KIGALI – In Rwanda, children born out of wedlock often say they'd rather be orphans. "At least orphans receive some help from charities," explains one 20-year-old high school student, named “ML.”
Hiding behind the school, crying, this "illegitimate child" wonders what sin she has committed to deserve to be so mistreated -- even by her mother. She has no school books, no supplies, and she is regularly sent home from school to get the tuition fees that her mother's husband refuses to pay.
"At home, I am treated like a maid. I only eat when I cook. When someone else cooks dinner, I have to go to bed on an empty stomach. They make me do all the house chores," says the young woman, sobbing. She wishes that her mother did not see her as a burden.
Alice, 15, is in the same situation, although she benefits from the sympathy of her father, who rents a separate house for her, so that she can avoid being treated badly by her mother. But, "aside from the rent, school fees and some school supplies, I need to pay all the other expenses, cook my meals, take care of my house..." explains the teen.
JCH, 14, also lives alone, working as an assistant builder during school holidays and weekends to survive. "I don't get social security because the head of the village would not register me as an indigent youth, since he says he knows my father well."
The high price of free education
The principal of a local public school says, "Most of these "illegitimate" children fall asleep in class, because they haven’t had enough food or sleep. Some can’t concentrate because they are thinking about their situation. For many, the end of the school day is the beginning of the hell that awaits them at home."
Children born out of wedlock struggle to get a basic public school education. Even if public school is “free,” parents need to buy school supplies, which are more and more expensive. Their annual cost, which includes at least 20 notebooks and pens, six books and two uniforms as well as a financial contribution to the school, amounts to about 50,000 Frw ($80). Parents are also asked to contribute to the local education fund.
The fate of these Ibinyendaro (“bastards”) goes largely unnoticed. NGOs and charities helping needy children are getting in touch with local authorities who give them the names of local children in distress. But that doesn’t include children born out of wedlock, who are blacklisted by the local authorities. "Organizations tend to ignore children who have parental legitimacy issues such as bastards, those born from a second marriage, or those born while one of their parents was in jail," explains an agent from Haguruka, an organization providing legal assistance to women and children.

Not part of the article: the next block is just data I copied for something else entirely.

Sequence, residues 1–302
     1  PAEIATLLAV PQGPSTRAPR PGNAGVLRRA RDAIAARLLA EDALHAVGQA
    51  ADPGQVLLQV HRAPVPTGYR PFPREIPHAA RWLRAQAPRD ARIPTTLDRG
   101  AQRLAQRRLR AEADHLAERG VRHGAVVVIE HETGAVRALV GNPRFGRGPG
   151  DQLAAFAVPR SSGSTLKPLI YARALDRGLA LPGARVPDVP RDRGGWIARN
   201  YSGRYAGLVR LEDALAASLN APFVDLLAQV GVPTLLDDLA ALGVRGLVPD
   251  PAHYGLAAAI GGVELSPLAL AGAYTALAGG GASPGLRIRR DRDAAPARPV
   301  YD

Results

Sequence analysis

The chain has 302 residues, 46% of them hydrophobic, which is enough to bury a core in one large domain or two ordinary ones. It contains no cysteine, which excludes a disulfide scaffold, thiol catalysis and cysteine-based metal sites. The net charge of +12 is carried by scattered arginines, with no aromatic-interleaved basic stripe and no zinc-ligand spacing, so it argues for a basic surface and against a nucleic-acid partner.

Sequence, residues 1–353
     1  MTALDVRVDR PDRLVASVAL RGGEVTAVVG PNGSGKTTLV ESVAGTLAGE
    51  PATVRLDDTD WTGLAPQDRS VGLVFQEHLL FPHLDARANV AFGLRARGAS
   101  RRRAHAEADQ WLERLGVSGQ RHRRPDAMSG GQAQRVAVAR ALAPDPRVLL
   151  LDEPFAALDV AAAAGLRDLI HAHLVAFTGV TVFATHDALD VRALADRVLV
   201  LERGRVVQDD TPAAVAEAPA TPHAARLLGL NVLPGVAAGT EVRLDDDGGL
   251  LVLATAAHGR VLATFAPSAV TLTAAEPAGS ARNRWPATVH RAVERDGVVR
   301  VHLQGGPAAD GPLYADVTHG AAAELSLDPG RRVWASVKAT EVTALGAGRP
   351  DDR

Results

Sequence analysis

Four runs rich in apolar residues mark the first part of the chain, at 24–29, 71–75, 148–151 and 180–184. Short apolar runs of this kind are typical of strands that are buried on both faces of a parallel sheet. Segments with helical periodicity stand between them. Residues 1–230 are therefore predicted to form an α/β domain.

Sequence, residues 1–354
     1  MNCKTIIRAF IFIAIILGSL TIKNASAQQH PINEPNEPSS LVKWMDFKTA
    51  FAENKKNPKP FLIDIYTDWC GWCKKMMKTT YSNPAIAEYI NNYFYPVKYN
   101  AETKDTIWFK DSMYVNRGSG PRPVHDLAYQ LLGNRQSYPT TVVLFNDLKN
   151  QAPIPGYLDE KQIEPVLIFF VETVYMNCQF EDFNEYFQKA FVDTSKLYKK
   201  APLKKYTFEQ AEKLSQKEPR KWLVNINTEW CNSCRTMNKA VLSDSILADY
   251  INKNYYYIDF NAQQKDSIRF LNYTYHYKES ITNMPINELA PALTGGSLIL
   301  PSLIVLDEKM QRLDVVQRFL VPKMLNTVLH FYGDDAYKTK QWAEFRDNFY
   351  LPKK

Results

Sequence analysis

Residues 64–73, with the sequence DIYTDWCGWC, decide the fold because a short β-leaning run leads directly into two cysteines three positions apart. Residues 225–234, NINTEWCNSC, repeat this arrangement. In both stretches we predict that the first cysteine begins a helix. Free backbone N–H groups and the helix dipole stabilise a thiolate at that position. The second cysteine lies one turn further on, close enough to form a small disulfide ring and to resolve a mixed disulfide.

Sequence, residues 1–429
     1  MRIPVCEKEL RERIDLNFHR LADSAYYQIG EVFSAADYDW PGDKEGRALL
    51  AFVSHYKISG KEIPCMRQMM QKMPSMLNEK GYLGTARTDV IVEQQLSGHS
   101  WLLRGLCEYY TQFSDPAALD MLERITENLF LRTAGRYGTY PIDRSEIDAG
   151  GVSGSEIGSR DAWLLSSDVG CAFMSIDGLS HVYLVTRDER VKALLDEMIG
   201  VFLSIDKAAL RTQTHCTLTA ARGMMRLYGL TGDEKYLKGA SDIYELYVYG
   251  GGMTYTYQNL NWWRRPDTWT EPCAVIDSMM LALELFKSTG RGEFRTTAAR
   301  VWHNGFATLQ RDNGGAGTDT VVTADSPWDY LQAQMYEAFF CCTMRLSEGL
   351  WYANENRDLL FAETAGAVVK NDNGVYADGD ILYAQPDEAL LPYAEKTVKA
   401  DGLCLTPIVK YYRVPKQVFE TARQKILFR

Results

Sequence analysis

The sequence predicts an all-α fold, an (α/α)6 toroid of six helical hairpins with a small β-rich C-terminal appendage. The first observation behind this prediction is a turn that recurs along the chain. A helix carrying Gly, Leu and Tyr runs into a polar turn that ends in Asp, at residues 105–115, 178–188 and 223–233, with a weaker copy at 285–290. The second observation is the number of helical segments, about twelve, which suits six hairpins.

These children, who have never met one of their parents, are told to call their parent’s current partner "Uncle" or "Aunty." They rarely ask about their real parent. "I force myself not to think about it, because my mother even hid my father's identity from her new partner," says one 15-year-old girl from Kigali.
Revelations of a nationally funded clandestine operation within 10 municipalities in the Netherlands to keep tabs on mosques and Muslim organizations after a rise in radicalization eight years ago.
At least ten Dutch towns and cities have secretly used a private agency to probe mosques and other local religious organizations, Amsterdam-based daily het NRC reports in an exclusive investigation.
The clandestine operation — funded by NCTV, the National Security Services, the Netherlands' leading counter-terrorism agency — was prompted by the social unrest and uncertainty following multiple terror attacks in 2013, and a rise in Islamic radicalization.
The NCTV, which advises and financially supports municipalities in countering radicalization, put the municipalities in touch with Nuance by Training and Advice (Nuance door Trainingen en Advies, NTA), a private research agency based in Deventer, Netherlands. Among the institutions targeted by the investigations, which came at a cost of circa 500,000 euros, were the Al Mouahidin mosque in the central Dutch town of Ede, and the Nasser mosque east of the city of Utrecht, according to NRC.
Praying inside a Dutch mosque.
Broken trust in Islamic community
Unlike public officials, the private agency can enter the mosques to clandestinely research the situation. In this case, the agents observed activity, talk to visitors, administrators, and religious leaders, and investigated what they do and say on social media.
All findings then wound up in a secret report which includes personal details about what the administrators and teachers studied, who their relatives are, with whom they argued, and how often they had contact with authorities in foreign countries, like Morocco.
Leaders of the Muslim organizations that were secretly probed say they feel betrayed.
It is unclear whether the practice is legal, which is why several members of the Dutch Parliament are now demanding clarification from the outgoing Minister of Justice and Security, Ferd Grapperhaus, who is said to be involved.
"The ease with which the government violates (fundamental) rights when it comes to Islam or Muslims is shocking," Stephan van Baarle, member of the leftist party DENK, told De Volkskrant, another Dutch newspaper.
Leaders of the Muslim organizations that were secretly probed say they feel betrayed. Hassan Saidi, director of one of the mosques investigated, said that the relationship with the local municipality had been good. "This puts a huge dent in the trust I'd had in the municipality," he told the Dutch public broadcaster NOS.
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